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Art Embraces Change at this years Music Festivals and the will be there to Broadcast and reports on the Technological and Digital revolution shaping up the creation, distribution and marketing of an artists vision.

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  1. 1. THE WIRELESS COWBOY.TVJULY 2011 broadcasting, blogging and instructing 247365 ISSUE 2 aMusic Industry Report on : * March 2013 Festivals Bonnaroo, Manchester TN * April 2013 Broadcasters SummerFest, Milwaukee WI * May 2013 Producers Lollapalooza, Chicago IL * June 2013 Marketerss Carnival, Rio De Janeiro Brazil * July 2013 Managers Coachella, Indio CA * March 2014 Technology Sasquatch, Quincy WA * April 2014 Agents ElectricDaisy, Las Vegas NV * May 2014 Publicists SummerFest, Milwaukee WI * June 2014 Unions Outside Lands, San Francisco CA * July 2014 Royalties EVERYWHERERick MarquezNews@TheWirelessCowboy.TV561-290-4915 West Palm Beach305-280-1608 Miami / Dade954-271-6457 Broward
  2. 2. NOVEMBER 12, 2010 ALEJANDRO ISSUE I2 The Music Business Series
  3. 3. NOVEMBER 12, 2010 ALEJANDRO ISSUE IThe Music Business Series 3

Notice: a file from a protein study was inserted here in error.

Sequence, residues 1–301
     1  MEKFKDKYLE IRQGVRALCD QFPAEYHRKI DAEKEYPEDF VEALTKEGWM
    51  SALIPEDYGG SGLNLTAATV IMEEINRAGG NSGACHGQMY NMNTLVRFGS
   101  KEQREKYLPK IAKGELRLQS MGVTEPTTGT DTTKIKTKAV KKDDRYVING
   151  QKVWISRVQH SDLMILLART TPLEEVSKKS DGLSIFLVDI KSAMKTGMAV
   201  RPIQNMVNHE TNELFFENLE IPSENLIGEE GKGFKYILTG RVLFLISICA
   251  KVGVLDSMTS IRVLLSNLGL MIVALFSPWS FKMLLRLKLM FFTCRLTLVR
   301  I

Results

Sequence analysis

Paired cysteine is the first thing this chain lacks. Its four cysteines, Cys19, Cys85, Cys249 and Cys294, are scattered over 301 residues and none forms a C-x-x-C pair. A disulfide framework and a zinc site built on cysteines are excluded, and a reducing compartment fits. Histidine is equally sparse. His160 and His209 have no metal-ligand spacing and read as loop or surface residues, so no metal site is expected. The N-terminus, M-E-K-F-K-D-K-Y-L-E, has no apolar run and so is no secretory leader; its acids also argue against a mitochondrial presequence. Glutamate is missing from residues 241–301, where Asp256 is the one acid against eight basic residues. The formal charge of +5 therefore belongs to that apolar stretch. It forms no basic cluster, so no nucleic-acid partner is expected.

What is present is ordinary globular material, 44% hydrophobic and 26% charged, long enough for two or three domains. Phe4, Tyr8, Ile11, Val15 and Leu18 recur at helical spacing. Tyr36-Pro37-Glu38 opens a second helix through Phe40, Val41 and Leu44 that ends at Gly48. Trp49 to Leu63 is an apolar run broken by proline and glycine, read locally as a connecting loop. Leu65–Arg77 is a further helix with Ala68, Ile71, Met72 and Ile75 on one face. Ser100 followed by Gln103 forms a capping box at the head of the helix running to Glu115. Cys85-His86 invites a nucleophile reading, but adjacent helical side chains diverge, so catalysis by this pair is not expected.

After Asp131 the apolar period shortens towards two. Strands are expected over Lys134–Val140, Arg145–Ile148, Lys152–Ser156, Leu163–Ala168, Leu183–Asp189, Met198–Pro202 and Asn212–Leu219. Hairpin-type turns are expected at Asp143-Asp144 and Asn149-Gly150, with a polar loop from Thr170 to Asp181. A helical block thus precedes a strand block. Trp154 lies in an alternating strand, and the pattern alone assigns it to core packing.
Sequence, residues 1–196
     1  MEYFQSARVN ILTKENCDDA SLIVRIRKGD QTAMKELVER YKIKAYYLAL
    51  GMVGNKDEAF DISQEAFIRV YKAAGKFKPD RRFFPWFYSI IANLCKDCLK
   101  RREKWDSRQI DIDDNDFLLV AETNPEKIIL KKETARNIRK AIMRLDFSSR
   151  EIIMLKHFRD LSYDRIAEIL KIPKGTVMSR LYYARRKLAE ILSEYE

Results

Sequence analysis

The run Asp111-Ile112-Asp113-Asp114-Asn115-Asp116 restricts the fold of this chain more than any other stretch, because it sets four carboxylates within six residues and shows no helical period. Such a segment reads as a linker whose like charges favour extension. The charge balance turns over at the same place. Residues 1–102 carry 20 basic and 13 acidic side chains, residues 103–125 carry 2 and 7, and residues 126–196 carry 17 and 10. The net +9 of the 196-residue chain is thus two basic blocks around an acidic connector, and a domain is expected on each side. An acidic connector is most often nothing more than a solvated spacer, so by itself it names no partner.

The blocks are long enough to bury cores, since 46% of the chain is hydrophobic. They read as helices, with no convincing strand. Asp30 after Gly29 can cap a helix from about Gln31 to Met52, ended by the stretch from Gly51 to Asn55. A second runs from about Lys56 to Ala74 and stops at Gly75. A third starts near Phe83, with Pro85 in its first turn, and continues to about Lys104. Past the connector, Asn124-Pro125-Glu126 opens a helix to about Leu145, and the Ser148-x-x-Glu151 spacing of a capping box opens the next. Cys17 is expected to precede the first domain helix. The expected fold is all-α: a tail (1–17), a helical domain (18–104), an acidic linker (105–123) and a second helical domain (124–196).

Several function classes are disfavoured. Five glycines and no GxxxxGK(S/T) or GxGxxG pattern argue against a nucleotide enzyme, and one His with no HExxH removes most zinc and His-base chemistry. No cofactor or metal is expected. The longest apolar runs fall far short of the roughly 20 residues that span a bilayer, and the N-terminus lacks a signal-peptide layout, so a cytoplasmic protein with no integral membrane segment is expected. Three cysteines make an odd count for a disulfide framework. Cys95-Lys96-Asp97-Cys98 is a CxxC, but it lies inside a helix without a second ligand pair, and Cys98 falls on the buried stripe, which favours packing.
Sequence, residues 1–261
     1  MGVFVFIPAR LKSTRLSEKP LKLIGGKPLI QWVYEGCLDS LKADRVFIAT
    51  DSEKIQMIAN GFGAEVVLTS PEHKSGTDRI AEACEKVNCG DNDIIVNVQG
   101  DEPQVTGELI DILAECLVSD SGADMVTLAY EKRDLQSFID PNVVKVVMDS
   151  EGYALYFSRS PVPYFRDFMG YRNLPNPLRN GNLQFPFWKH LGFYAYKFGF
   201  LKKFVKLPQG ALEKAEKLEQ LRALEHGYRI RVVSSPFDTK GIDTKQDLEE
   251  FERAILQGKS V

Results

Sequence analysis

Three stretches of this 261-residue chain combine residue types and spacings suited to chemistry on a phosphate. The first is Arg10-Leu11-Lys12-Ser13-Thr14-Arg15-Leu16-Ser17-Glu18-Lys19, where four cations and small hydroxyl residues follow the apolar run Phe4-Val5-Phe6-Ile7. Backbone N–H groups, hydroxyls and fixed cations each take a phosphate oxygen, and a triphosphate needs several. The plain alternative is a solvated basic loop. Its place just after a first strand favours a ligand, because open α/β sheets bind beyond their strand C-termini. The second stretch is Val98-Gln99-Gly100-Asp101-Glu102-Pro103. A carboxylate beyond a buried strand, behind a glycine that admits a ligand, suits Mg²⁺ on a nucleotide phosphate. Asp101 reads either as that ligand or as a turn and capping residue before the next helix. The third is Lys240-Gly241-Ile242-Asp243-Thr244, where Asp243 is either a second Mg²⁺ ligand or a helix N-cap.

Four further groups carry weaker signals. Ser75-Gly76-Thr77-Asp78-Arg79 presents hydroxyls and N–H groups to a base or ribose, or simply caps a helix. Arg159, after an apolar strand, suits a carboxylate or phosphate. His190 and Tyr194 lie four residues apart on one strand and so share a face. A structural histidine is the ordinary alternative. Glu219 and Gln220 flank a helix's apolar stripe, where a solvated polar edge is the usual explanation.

4. 4. JULY 2011 ISSUE 2WHAT DOES A CONCERT PROMOTER DO? Today’s Concert Promoter is a master of manytrades. A concert promoter must be a true businessprofessional in order to succeed. Having an ear formusic is helpful but one must have a good businesshead as well. Sales, Marketing and Accounting skillsare a must since a promoter must be able to balancethe needs of the Artist and their fans and with thereality of the economics of the concert event and thepromoters time and effort. There are many factorsassociated in running a successful concert event andtour that is demographically viable based onpopulation densities, musical genre, touring seasonand current/past competition. In deciding to makethe investment a promoter must research the rightvenue and audience size, schedule and book theshows, set pricing and print tickets, create, purchaseand analyze media promotions through mediaoutlets. Illustration 1: Picture by D. FajardoIn order to do so repeatedly and profitably the promoter MUST always has to be a step ahead of theevent and have properly selected a campaign that has a strong message, a GREAT Value Propositionthat is FRESH and Innovative, A Media Schedule that creates buss and reinforces the call to ACTIONand a fulfillment team that can satisfy the purchasing and merchandising needs of every audiencemember. To do so the promoter must be savvy and energetic in maximizing the artists Demo CD, their Website, a Press Kit with clipping, bios, tour dates that can be easily and generously provided to local media outlets at ever stop at least 8 weeks ahead of the show and periodically until the actual event is in town. Given the traditional metrics associated with general advertising and marketing campaign a prospective buyer views a message at least 7 times before they make a purchase. Enough impressions with the right frequency and Reach, Targeted to the right consumer that Willing, Ready an Able to PAY a ticket price will make for a predictable sales figure that can easily cover expenses and leave enough profit to divide among the stake holders on contract a profitable show for all. Illustration 2: Picture By T. Wonch4 The Music Business Series